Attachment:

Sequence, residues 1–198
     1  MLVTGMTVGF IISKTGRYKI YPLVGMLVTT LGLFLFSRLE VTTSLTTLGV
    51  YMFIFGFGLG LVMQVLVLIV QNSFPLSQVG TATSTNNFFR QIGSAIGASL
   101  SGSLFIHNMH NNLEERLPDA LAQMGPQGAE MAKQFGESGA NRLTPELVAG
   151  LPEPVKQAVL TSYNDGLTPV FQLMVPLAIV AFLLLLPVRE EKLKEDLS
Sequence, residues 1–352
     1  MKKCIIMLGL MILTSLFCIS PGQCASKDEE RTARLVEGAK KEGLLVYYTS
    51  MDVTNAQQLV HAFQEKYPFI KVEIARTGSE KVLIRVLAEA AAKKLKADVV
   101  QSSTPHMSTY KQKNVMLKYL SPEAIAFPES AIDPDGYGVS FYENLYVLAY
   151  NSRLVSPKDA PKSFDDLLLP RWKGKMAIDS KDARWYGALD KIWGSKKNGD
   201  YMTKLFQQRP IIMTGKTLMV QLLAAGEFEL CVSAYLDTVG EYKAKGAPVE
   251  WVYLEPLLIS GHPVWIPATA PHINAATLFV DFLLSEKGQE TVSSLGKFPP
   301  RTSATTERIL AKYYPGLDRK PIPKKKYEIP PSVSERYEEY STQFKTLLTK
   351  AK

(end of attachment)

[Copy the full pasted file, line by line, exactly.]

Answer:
Sequence, residues 1–198
     1  MLVTGMTVGF IISKTGRYKI YPLVGMLVTT LGLFLFSRLE VTTSLTTLGV
    51  YMFIFGFGLG LVMQVLVLIV QNSFPLSQVG TATSTNNFFR QIGSAIGASL
   101  SGSLFIHNMH NNLEERLPDA LAQMGPQGAE MAKQFGESGA NRLTPELVAG
   151  LPEPVKQAVL TSYNDGLTPV FQLMVPLAIV AFLLLLPVRE EKLKEDLS
Sequence, residues 1–352
     1  MKKCIIMLGL MILTSLFCIS PGQCASKDEE RTARLVEGAK KEGLLVYYTS
    51  MDVTNAQQLV HAFQEKYPFI KVEIARTGSE KVLIRVLAEA AAKKLKADVV
   101  QSSTPHMSTY KQKNVMLKYL SPEAIAFPES AIDPDGYGVS FYENLYVLAY
   151  NSRLVSPKDA PKSFDDLLLP RWKGKMAIDS KDARWYGALD KIWGSKKNGD
   201  YMTKLFQQRP IIMTGKTLMV QLLAAGEFEL CVSAYLDTVG EYKAKGAPVE
   251  WVYLEPLLIS GHPVWIPATA PHINAATLFV DFLLSEKGQE TVSSLGKFPP
   301  RTSATTERIL AKYYPGLDRK PIPKKKYEIP PSVSERYEEY STQFKTLLTK
   351  AK